Brighton c1830-1855 – from successful Regency resort to troubled early Victorian one (part 1 of a 2 part talk)
March 17 at 7:00 pm - 8:00 pm
by Dr Sue Berry.
In the mid 1820s, Brighton was a large and prosperous resort with a long, famous frontage and some very striking leisure buildings where visitors could meet. The Pavilion, revamped in an Indian style, and the Chain Pier became popular subjects for prints and paintings. A secure future beckoned.
Yet, by the late 1820s, all was not well. Building slowed down, some projects stopped. A national recession, and the need for the resort to improve its public areas were amongst the issues which affected the resort. In the crowded back streets, the dense and poor population was a source of infections and disorder.
As the downturn gained a grip, Brighton became keen to get a railway line to London. The line opened in 1841. It did not immediately help to revive the resort, that required the return of public confidence in the economy and willingness to spend on leisure. By 1845 the slow revival resulted in the completion of old projects and the start of new ones in the latest architectural styles. Public gardens such as the Steine were improved by raising public prescriptions.
By the 1840s, Brighton’s overcrowded back streets and their impact on public health were of sufficient concern for a report on the conditions to be published in a government study of the health of towns. A campaign started about the lack of a planned sewerage system and access to clean piped water. After some contention, Brighton was incorporated in the hope that the standard of town management would improve.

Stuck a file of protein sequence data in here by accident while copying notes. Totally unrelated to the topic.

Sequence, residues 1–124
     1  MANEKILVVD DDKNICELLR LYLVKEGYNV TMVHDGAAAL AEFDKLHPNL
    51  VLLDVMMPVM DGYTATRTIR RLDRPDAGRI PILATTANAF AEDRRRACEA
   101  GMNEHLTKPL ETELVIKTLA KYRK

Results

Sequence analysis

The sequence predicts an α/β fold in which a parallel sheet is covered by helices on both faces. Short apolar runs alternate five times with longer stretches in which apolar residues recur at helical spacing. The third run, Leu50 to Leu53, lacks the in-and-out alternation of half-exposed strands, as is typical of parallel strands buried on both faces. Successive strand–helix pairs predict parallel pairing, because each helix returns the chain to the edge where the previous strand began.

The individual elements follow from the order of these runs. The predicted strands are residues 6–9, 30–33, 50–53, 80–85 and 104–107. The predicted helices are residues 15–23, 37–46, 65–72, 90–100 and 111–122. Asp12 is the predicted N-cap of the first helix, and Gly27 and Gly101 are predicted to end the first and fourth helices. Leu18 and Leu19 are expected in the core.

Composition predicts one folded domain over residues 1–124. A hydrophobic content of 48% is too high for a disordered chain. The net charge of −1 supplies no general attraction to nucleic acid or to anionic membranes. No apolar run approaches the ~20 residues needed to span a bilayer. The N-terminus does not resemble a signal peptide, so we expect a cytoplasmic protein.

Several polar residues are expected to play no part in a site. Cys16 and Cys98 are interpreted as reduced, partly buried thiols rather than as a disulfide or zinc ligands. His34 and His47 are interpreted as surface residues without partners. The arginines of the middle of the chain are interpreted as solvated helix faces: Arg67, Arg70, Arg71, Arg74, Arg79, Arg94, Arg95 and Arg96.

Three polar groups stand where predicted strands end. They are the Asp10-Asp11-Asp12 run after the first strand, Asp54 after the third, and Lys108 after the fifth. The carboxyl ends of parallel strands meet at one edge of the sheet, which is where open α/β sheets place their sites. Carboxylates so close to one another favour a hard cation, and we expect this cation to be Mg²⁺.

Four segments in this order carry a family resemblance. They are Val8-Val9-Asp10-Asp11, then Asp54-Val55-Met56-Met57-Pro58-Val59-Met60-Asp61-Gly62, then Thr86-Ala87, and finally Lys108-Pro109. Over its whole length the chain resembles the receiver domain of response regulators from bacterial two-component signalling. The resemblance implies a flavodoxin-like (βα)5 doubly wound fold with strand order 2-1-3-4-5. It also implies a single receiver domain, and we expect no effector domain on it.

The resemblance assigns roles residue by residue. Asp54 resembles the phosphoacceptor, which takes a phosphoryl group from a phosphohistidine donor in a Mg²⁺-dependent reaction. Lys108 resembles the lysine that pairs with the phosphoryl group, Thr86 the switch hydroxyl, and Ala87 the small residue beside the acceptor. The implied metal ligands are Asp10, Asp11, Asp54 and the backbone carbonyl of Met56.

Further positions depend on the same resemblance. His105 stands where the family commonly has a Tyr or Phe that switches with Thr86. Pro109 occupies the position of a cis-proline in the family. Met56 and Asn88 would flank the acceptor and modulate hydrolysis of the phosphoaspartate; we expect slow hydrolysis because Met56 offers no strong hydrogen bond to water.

New buildings, small housing infills and suburbs such as Cliftonville built in Victorian Gothic or Italianate styles, began to change the look of Brighton and Hove. These styles were also chosen for their new schools such as Brighton College, and by the trustees of local health and welfare charities.
Using contemporary images, maps and modern photographs, we will explore the story of this resort from the late 1820s until the late 1850s. The process of change in Brighton & Hove accelerated from 1855 and that will be the subject of the next talk. This will include the controversy about Anglo Catholicism in Brighton which gave the City some remarkable churches.
Please note: All lectures will be delivered ‘live’ via Zoom at 19:00 and recorded for posting on the society’s website for a limited period. Those attending will be muted but will be invited to use the Chat function in Zoom to submit questions for the Q&A session at the end of the talk.
a link to the zoom meeting will be placed here when available before the event
A link to view the talk will also be placed here after it takes place.